Nearby were some question marks. There appeared to be a mix in this field. That’s likely a Shetland on the left. The one in the middle has a Texel-y appearance (face, set of the ears, and stance). The one with its head down has four horns. There are genes for this in the Shetland breed, but they aren’t common. The tail would provide additional information, but the photo doesn't show its shape clearly enough and I didn’t take the time to get permission to go into the field or to simply ask the owner. At that moment, I didn’t really need to know; the pieces of information I filed mentally were “mixed flock” and “interesting horns.” Again, this was pasture, carefully maintained, and close to the relevant house.


In Shetland-spotting, the first giveaway is location. Another clue: color. White Shetlands abound, but colors also appear frequently, especially in the hill sheep. (Inbye Shetland sheep tend toward the white and moorit, or solid brown, and at this season were often rams. Colored sheep could also be Zwartbles, but they’re bigger and have a characteristic marking pattern of white-on-black—not at all like the markings on the sheep below right—and will be in the cushier digs.)

Shetlands (through the windshield):




Shetlands (the fence is behind them, and I took the photo from the road):


Shetlands, wandering around on top of a fairly bleak hill reached by a gravel, potholed road, and home to telecommunications sites, both currently functioning and abandoned:


Shetland, sheltering, not far from those other two:


Driving down the other side of that hill, different types of sheep began to appear as I got lower and closer to where people were living. These are likely Shetland-Cheviot crosses.


These are Shetlands (great color on the righthand one).


Scottish Blackface: another sturdy breed, able to live on rough turf, but not let loose on the hills with the Shetlands for many reasons.


On St Ninian’s Isle, a mix of crosses, with lots of green to eat and not too far from the tending humans.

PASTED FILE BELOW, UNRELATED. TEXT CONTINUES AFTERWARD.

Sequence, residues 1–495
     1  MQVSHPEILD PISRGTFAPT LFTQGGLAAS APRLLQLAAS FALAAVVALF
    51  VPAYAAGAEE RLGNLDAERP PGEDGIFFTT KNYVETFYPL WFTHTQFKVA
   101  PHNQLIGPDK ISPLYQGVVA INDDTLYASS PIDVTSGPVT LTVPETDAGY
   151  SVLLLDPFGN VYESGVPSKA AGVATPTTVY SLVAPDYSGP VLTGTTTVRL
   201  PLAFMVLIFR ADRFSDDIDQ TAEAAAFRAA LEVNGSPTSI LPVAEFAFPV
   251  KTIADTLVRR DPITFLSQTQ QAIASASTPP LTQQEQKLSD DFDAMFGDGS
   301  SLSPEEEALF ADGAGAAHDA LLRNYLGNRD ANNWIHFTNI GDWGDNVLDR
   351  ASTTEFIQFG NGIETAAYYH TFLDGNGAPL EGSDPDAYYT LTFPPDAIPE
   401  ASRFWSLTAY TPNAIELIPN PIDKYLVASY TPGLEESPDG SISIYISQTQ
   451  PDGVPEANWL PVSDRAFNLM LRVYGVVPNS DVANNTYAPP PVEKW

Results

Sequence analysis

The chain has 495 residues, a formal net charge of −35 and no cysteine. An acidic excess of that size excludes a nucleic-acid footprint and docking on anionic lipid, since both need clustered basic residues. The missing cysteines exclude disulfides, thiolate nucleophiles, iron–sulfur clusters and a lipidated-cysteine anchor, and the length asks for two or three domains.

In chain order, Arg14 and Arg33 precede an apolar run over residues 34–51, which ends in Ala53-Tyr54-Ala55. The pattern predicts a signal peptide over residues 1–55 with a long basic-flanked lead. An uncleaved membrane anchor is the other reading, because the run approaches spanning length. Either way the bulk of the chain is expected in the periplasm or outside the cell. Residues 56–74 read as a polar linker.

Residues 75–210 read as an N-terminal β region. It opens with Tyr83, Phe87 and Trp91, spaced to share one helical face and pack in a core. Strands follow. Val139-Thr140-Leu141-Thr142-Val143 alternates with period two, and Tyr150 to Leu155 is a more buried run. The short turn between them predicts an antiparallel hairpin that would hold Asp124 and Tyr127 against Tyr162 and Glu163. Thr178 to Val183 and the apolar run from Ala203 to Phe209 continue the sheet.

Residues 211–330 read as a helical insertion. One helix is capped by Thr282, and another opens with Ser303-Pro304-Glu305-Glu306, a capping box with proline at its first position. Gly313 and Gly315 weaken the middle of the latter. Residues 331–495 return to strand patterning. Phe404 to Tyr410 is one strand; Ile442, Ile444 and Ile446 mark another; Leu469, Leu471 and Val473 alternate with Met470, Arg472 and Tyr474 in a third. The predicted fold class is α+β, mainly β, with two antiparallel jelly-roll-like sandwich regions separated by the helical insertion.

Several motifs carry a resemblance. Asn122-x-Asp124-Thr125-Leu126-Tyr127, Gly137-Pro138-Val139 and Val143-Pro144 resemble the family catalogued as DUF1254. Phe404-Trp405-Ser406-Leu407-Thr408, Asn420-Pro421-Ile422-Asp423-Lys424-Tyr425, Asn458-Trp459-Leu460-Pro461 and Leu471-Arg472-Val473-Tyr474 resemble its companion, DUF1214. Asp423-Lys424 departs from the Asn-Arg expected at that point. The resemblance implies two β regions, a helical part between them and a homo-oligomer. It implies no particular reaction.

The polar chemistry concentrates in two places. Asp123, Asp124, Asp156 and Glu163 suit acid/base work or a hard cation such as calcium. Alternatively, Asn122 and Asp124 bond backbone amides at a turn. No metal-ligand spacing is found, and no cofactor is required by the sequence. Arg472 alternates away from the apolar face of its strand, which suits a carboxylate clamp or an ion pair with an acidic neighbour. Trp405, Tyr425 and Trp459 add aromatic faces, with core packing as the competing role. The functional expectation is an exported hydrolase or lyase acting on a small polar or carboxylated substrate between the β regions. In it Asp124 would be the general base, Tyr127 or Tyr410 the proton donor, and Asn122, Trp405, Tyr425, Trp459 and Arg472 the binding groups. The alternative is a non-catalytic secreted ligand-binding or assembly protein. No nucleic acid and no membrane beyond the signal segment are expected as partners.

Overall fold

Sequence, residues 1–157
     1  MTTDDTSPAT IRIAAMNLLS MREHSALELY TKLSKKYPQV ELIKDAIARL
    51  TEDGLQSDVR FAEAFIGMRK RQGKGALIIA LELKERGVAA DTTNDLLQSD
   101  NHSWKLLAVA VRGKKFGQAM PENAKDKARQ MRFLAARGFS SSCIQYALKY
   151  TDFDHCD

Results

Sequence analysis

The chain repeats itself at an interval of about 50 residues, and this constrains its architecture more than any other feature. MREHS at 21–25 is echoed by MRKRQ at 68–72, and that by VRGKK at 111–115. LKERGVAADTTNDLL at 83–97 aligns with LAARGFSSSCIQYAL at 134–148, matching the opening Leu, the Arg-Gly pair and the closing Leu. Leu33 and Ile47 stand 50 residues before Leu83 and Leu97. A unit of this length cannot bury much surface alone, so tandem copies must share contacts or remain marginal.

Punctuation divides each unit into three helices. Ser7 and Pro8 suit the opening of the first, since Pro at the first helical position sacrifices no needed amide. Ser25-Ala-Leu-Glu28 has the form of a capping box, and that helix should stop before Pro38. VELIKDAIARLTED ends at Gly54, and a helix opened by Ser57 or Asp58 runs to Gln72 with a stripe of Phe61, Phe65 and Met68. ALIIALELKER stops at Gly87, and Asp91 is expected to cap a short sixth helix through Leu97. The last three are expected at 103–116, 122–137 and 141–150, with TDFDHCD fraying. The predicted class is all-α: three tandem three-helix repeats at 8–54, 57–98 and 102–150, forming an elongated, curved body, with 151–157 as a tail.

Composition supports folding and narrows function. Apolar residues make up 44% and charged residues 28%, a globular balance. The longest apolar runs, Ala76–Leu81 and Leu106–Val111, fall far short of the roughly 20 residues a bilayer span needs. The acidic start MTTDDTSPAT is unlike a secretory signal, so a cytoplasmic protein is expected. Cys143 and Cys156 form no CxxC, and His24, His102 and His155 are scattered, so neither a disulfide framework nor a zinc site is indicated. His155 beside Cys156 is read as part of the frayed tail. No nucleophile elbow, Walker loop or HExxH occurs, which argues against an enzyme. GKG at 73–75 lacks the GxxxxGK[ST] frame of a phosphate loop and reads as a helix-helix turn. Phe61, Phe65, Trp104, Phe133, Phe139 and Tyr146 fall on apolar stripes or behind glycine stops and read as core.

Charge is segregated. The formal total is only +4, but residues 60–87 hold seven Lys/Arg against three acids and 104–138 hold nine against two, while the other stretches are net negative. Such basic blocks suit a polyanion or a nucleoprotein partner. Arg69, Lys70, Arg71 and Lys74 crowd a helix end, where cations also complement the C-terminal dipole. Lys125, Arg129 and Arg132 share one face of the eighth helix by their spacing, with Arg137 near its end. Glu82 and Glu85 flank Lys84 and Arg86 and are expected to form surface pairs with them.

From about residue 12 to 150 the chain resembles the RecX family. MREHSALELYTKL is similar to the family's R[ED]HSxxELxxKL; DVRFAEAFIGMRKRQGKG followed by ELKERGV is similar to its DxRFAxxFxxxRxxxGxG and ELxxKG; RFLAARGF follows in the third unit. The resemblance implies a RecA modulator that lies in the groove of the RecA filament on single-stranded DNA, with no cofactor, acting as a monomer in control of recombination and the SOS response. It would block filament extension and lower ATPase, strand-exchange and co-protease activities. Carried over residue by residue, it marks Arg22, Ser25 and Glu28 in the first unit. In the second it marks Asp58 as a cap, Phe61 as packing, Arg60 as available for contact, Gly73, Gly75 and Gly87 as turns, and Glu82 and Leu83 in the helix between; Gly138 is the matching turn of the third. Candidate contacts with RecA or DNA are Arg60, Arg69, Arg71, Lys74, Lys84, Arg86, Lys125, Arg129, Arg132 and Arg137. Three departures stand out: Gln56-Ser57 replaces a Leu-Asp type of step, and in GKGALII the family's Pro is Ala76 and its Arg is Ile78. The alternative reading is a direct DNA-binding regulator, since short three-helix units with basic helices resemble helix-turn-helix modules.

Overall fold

Another thing that I became more familiar with was the predators that cause the most losses of lambs and weak sheep. For the most part, in Shetland that means birds, and I suspect they are primarily a problem to the hill flocks.

For example: the bonxie, or Great Skua. This one was flying over St Ninian’s Isle.


Another concern is ravens (and PDF here). I’m pretty sure that’s what these were; I’m only a casual birdwatcher, but the only crows in Shetland are hooded crows, which can also do a lot of damage to a flock, and they aren’t all-black like these birds (which I saw before they took flight).


Understanding the threats to a breed of sheep is also part of getting a good idea of what “hardiness” means and what influences people’s decisions of which types to put in particular environments and how to manage them.

Ending on a more directly sheep-y and positive note, I did get to visit with Mary and Tommy Isbister at Burland Croft Trail, and their sheep (it was their poultry I met with earlier in my trip). 


On my walk around the croft, I met up with some caddie lambs (bottle lambs in North America). This one had just had a good snack and had a face and neck covered with milk-spray.


While I was out at Mary’s, she took this photo of me. Windblown, but not rain-soaked.


Even the rainy days were good for sheep-spotting, although the clear days were better. I saw a few hundred sheep, maybe a thousand. That wasn't enough, but it was all I could fit into this trip.